If disgraced UK gastroenterologist Andrew Wakefield is displeased by his recent star turn on NBC Dateline, he only has himself to blame. After all, Wakefield asked for it. Literally.
(Wakefield) believed virus from the MMR vaccine traveled from the arm to the intestines, causing inflammation there, which led harmful proteins to enter the bloodstream and the brain, causing neurological impairment. He didn’t let the fact that he hadn’t identified these proteins stand in his way (and neither did the journal). The hypothesis became conventional wisdom and 10 years later we are cleaning up after the damage.
Wakefield’s lawyers, ANB has learned, contacted NBC News, and alternately threatened legal action and demanded that the network air their client’s side of the story. The network complied.
It’s not the first time that a bluff has backfired on Wakefield.
In 2004 he welcomed, even insisted, that the General Medical Council launch in investigation into his professional conduct. When the GMC followed through, Wakefield fled to the US.
That same year Wakefield sued UK’s Channel 4 for libel over reporter Brian Deer’s investigation. That led to a judge approving a motion for discovery that forced Wakefield to release more damning documents to Channel 4 and Brian Deer, further assisting the GMC’s inquiry. Wakefield later dropped his suit and paid Channel 4’s legal expenses.
So what was Wakers thinking when he demanded a sit-down interview with Matt Lauer, parts of which were packaged as “A Dose of Controversy” and aired to the nation Sunday night? The episode was produced by Amy Schmitz, who is Snyderman’s full-time producer. Schmitz formerly produced for Dr. Tim Johnson at ABC, another evidence-based health advocate who sees through vaccine charlatans.
Lauer’s report, though tepid at times, and confusing at others, should be welcomed by the public health community and pro-vaccine advocates. Fortunately, Lauer listened to Deer, and also Dr. Paul Offit, another leading Wakefield critic. Both men wasted no time getting to the point.
“This thing stank from the first day it appeared,” said Deer, who went on to explain Wakefield’s conflict of interests with a law firm that was suing makers of the MMR vaccines.
“I think (Wakefield) has done a tremendous amount of harm, and it’s amazing to me that he doesn’t accept the responsibility for that harm,” said Offit.
Curiously, Lauer stumbled throughout the piece, seemingly oblivious to the target rich environment that Wakefield had led him to. At one point, Wakefield asked Deer “In your opinion, how much did Wakefield’s lawyers pay him to perform the study?” The answer, $750,000, is not an opinion – it’s a matter of public record. Lauer also asked Deer “In your opinion, was Wakefield developing his own vaccine (in 1998)?” Wakefield admitted to Lauer that he was working on a vaccine, but that it was only to treat people already infected. That was a lie: claim 2 of Wakefield’s patent clearly states says it can be used as prophylaxis against measles. Lauer either didn’t know, or didn’t care.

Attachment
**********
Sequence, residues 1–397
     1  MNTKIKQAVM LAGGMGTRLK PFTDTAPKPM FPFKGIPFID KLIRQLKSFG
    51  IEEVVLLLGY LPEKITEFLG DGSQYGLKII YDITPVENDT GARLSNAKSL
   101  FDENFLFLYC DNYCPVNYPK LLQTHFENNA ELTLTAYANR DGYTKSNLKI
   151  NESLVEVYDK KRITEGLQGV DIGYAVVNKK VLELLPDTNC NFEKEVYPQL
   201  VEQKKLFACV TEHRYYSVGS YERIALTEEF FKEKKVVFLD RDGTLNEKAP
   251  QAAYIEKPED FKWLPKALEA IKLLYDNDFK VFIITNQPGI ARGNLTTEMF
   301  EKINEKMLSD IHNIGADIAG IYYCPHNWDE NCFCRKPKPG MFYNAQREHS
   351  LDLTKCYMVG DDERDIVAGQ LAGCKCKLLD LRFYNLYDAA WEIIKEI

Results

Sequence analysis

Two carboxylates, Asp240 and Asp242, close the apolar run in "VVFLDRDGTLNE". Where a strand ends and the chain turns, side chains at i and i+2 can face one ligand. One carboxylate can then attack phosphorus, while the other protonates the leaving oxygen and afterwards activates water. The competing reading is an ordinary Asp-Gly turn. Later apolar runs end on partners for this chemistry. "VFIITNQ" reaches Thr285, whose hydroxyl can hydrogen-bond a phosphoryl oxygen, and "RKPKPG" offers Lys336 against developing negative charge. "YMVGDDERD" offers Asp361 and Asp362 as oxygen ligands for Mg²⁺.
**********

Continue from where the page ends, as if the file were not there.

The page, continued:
Wakefield played the brave maverick doctor, and maintained that he was concerned by UK press coverage of his Lancet study. He said he didn’t know if vaccines cause autism, and he cited the precautionary principle – putting the interests of children first – as justification for breaking up the MMR series into individual shots.
The report’s low point came in the person of Dr. Bernadine Healy, who buttressed Wakefield’s claim that “other doctors” are backing his unsubstantiated and ludicrous claims. But Healy spoke in generalities and platitudes, and avoided concrete statements. She spoke of a “small subset” of children who might be hurt by vaccines that aren’t picked up of the large population studies. Does this mean she doubts the “autism epidemic” canard? Hard to say. As Sullivan at LBRB puts it:
Some will hear that and think, “children with autism, that’s the small subset” and the “take away” message will be, “she supports the idea of vaccines causing an epidemic of autism”. It’s possible that “small subset” means a small subset of autistics. In other words, she might be accepting the data that show vaccines haven’t caused an epidemic of autism. It’s possible that “small subset” is the very small subset of people who are injured by vaccines, some of whom are autistic and some of whom are not. In which case, what she said isn’t controversial at all.
We just can’t tell what she meant from what she said.
The report also suffers from the inclusion of Warrior Mothers, whom Lauer describes as “emotionally involved, desperate for answers”. But emotional, desperate parents function as human shields for the quack practitioners performing procedures of little value for large sums of money. We are introduced to the Kasemodels of Minnesota, who traveled with their autistic son to the Lourdes Shrine of Big Autism, Wakefield’s Thoughful House, where we watch the boy being sedated for an endoscopy. The procedure will cost the Kasemodels $4,500, to look for a disease that doesn’t exist. We hear the results – mild inflammation, but no evidence it is caused by vaccines. Our voyeuristic impulses fully sated, Lauer moves on. That’s a shame. With so many dots to connect, from rigged test results to preventable disease outbreaks to a growing quack cure industry, all we get is a cheap diagnosis, rather than Snyderman’s verdict from last winter – “This guy is a fraud”.
RangelMD chimes in:
Even though he “confronted” Dr. Wakefield with several of the accusations of fraud and conflict of interest that are now well known in association with this case, Mr. Lauer appeared to be more than content with Dr. Wakefield’s minimalist denials and stonewalling. The entire interview can be summed up thus:
Mr. Lauer: “What do you say to those who accuse you being a fraud?”
Dr. Wakefield: “I’m not a fraud.”
Mr. Lauer: “Well, OK then.”